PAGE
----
for I had been schooled by poverty to believe that money is the first essential of happiness&mdash.and yet her unhappiness was as evident as her beauty. I had heard. Her nervousness and the queer look in her face made me stare at her sharply. Vanderbridge. then who under heaven could be at fault except her husband? In a few minutes a friend came in to tea. My last secretary was English.The Project Gutenberg eBook of The Best Short Stories of 1921 and the Yearbook of the American Short Story. for whatever the secret tragedy of their marriage might be. There was the same imaginative sadness in both faces. The more I looked at it.though this may have been due. I can't remember the name of the painter&mdash. of course. and if she wasn't to blame. that held a breathless note of suspense. from the mistress down. She was as sweet and winning as if she were still the reigning beauty in the academy for young ladies. I notice a likeness. the same haunting beauty of feature." "Is that his picture?" "Yes.but this photograph might have been taken from the painting. that is all. I was still doubtfully regarding it when there was a knock at my door. because I can talk to you." For an instant she hesitated and then broke out almost bitterly. Vanderbridge&mdash. but it seemed queer to me that she should speak so frankly to a stranger. Even the silent maid (From Good Housekeeping) 104 . or the luxury that enveloped her. Roger&mdash. and I went upstairs to my room. while I was still trying to account for the impression that I had seen the picture before. I knew with a knowledge deeper than any conviction that she was not to blame. and I frightened her almost to death whenever I tried to talk to her. I wondered why any one so rich and so beautiful should ever be unhappy&mdash. Vanderbridge is looking?" she asked abruptly in a voice. After she had placed the tray on the table.I am not sure that it was known&mdash. "Have you ever seen a more wonderful face?" asked Mrs. where everybody. Vanderbridge. "We shall get on beautifully. and the maid with the sad face came in to bring me a pot of tea. Vanderbridge and some ten or fifteen years younger. I could see that she was overwrought and needed some one to talk to. and I remembered that the lady who had engaged me was the second wife of Mr.living or dead&mdash." Then her tone grew serious. and was eagerly searching the features of Mr. "You won't mind dining with us. strangely appealing. "How do you think Mrs. This was a house. dark. Vanderbridge. It was an arresting face.is the most charming man in the world. The other is my brother. and unpacked the blue taffeta dress I had bought for my sister's wedding.a charming. girlish smile with a hint of archness. I know. At that instant I felt that I hated Mr. the more there grew upon me an uncanny feeling of familiarity. the one in the Florentine frame. a face any woman&mdash. and one surmised that there must be the same rich darkness of colouring. The only striking difference was that the man in the photograph looked much older than the original of the portrait.would not be willing to give up?" Poor child. thoughtful. I was beginning to feel.Mr. did there flash into my mind the memory of an old portrait of a Florentine nobleman in a loan collection last winter. by Various "I am glad you are nice. to the photographer. than her husband. and picturesque&mdash. she stood nervously twisting a napkin in her hands while she waited for me to leave my unpacking and sit down in the easy chair she had drawn up under the lamp. When we[Pg 172] were married it was exactly like him. and for the first time she smiled&mdash." Already I had picked up the Florentine frame from the desk. Do you think we are alike?" "Since you've told me." she said. "Isn't that a face any woman might fall in love with. but not until the next day. "Doesn't he look as if he might have been painted by Titian?" "Is he really so handsome as that?" "He is a little older and sadder. wanted to question me. I instinctively knew that the fault was not on the side of the wife.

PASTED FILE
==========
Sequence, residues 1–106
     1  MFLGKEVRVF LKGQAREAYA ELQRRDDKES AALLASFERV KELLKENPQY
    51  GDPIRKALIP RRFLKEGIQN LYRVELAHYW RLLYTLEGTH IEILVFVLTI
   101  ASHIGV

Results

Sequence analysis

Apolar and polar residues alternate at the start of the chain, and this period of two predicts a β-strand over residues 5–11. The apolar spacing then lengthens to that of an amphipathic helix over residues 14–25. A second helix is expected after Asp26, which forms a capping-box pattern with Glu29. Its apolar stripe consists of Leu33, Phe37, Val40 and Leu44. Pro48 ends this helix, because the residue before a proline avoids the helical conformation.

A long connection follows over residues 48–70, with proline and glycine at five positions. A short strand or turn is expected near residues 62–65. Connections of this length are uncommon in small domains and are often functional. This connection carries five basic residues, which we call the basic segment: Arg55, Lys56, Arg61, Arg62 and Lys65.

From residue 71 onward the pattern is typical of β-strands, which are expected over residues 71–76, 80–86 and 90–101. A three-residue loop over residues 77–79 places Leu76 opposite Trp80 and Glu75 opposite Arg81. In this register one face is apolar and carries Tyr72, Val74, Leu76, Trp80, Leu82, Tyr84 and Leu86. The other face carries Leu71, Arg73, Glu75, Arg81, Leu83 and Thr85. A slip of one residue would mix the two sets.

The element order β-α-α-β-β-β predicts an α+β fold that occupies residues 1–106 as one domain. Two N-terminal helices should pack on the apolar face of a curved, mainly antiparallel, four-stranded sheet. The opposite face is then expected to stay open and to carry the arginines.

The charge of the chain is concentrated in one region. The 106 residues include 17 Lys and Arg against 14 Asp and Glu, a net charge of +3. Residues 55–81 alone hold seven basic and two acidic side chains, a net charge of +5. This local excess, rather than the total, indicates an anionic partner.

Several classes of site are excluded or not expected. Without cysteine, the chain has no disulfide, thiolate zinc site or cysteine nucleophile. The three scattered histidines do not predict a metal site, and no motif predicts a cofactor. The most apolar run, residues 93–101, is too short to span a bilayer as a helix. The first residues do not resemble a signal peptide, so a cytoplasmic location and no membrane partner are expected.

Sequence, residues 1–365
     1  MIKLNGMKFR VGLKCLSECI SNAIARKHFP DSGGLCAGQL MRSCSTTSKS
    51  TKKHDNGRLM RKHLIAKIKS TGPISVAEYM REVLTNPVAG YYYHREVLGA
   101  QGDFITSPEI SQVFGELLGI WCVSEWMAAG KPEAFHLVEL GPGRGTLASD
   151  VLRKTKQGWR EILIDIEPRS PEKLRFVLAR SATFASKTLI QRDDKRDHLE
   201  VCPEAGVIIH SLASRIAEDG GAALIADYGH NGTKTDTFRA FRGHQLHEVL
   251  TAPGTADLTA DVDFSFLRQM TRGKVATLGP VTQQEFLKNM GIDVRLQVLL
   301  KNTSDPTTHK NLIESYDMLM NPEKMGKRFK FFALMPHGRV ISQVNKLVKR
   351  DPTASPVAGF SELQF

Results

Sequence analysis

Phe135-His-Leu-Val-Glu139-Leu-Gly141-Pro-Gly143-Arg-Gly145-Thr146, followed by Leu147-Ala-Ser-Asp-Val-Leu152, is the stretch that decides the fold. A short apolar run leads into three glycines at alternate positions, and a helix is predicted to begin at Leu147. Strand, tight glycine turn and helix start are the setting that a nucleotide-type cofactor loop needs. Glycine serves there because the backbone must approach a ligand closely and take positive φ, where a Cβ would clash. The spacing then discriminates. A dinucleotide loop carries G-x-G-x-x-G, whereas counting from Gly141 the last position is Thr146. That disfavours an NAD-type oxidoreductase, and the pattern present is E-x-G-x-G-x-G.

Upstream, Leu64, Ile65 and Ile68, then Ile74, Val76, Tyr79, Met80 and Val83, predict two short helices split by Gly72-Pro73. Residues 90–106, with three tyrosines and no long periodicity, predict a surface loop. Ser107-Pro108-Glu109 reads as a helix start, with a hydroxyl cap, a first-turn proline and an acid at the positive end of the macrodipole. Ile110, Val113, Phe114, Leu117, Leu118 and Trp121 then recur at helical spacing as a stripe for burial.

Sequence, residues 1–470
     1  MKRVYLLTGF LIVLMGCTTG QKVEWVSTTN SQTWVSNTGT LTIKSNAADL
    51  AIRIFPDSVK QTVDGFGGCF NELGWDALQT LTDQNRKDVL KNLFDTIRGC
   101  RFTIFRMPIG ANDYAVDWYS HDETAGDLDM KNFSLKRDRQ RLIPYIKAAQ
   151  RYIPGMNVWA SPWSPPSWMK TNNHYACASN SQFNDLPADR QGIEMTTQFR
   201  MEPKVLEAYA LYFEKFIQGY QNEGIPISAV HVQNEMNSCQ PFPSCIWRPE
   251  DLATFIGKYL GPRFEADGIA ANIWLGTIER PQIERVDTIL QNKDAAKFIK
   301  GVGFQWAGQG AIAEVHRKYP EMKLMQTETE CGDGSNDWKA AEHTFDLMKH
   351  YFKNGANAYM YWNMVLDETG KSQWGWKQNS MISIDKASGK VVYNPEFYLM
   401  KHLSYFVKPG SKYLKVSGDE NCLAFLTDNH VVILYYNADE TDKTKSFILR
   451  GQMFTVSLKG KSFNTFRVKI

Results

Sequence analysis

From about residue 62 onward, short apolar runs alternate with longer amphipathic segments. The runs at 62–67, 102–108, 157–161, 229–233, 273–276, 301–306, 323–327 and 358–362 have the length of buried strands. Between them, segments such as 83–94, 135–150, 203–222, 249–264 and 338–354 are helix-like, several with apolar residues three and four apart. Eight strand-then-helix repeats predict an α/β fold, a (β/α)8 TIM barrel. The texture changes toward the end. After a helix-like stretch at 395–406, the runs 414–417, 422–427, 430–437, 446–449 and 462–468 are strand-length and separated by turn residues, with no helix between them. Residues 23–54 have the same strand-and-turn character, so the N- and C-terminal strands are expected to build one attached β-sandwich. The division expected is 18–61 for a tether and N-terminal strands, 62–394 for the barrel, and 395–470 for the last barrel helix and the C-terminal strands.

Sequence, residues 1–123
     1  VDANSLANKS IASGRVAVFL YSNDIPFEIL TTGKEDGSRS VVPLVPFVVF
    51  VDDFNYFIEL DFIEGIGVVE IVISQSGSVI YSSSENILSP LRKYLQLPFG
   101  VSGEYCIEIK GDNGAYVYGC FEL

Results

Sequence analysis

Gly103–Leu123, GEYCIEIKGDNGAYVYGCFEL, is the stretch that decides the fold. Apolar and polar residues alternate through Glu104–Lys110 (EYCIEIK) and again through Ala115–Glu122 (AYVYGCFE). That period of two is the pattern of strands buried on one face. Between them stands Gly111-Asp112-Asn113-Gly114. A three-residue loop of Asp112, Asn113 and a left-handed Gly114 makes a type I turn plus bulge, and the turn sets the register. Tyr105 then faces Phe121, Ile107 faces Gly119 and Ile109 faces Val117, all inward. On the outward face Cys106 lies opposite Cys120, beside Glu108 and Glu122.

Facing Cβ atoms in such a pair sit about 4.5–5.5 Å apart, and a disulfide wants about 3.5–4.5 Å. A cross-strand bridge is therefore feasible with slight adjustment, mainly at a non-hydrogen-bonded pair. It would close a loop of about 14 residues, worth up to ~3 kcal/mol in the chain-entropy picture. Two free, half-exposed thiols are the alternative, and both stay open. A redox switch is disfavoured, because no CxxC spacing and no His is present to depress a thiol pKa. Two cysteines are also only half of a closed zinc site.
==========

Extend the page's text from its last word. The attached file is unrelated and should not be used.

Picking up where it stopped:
He doesn't see it. Vanderbridge must be to have attached a servant to her so strongly. There couldn't be any harm in telling her how much I admired her mistress." "She ought to be.not even to her. She isn't the sort of lady you could speak to about a thing like that. that did not happen." "One can see that. It was plain that she was suffering acutely. and while I patted her shoulder.and her nature is as sweet as her face. ever since her marriage. "I don't know what it is. It's been six years now. that I scarcely know her." I said warningly. and yet I have to see her suffer day after day." Again. It was the kind of thing.The Project Gutenberg eBook of The Best Short Stories of 1921 and the Yearbook of the American Short Story. but he can't help her. He isn't to blame&mdash. I have never seen any one so unhappy as she has been of late&mdash. "She ought to be. and dropping on the rug at my feet." Yes. that I've lived with her." She gave me a blighting look. "I think her the loveliest person I've ever seen. what could I do for her?"[Pg 174] "You can stand by and watch. the confidences of servants. but I've kept it to myself so long that I feel as if it was killing me. and in all that time I've never had a cross word from her. I feel it even when I can't see it. I thought what a wonderful mistress Mrs. there flashed through my mind the suspicion that I had got into a place where people took drugs or drink&mdash. With everything she has she ought to be as happy as the day is long. as in the room downstairs.or were all out of their minds. "But you look as if you could be trusted. I couldn't be any fonder of her. they were all out of their minds. Even in a book nobody could believe it. The whole episode was incredible. hid her face in her hands. "But her husband? He is the one who must protect her. She hasn't always been rich." (From Good Housekeeping) 105 . I kept telling myself.ever since last summer. but I know it is there. by Various had found voice for interrogation. which she had closed when she entered. "How can I help her? She won't confide in me. He is one of the best men in the world. were on edge. she is lovely&mdash. and even if she did." Her voice dropped. He can't help her because he doesn't know.you mustn't think that. "He would if he could." I answered after a moment's hesitation." She was becoming loquacious. there couldn't be any other explanation.somebody who will stand by her no matter what happens. If she was my own sister.every one thinks so&mdash." The maid's nerves. You can come between her and harm&mdash. that I've never even seen her husband. as far as possible. but she isn't. and I saw her glance suspiciously at the door.[Pg 173] "Yes. the reason she spends so much of her life thinking of other people." She had risen from the floor and stood wiping her reddened eyes on the napkin. and that may be the reason she never seems to grow hard and selfish. "You must remember that I am a stranger in the house." She broke down. I suppose I oughtn't to talk about it. "I have never had a lady who was so sweet and kind. I could see. I had heard of such houses. and not say a word&mdash. for I've always avoided. "And she needs somebody who can help her.if you see it. as well as the mistress's. She needs a real friend&mdash.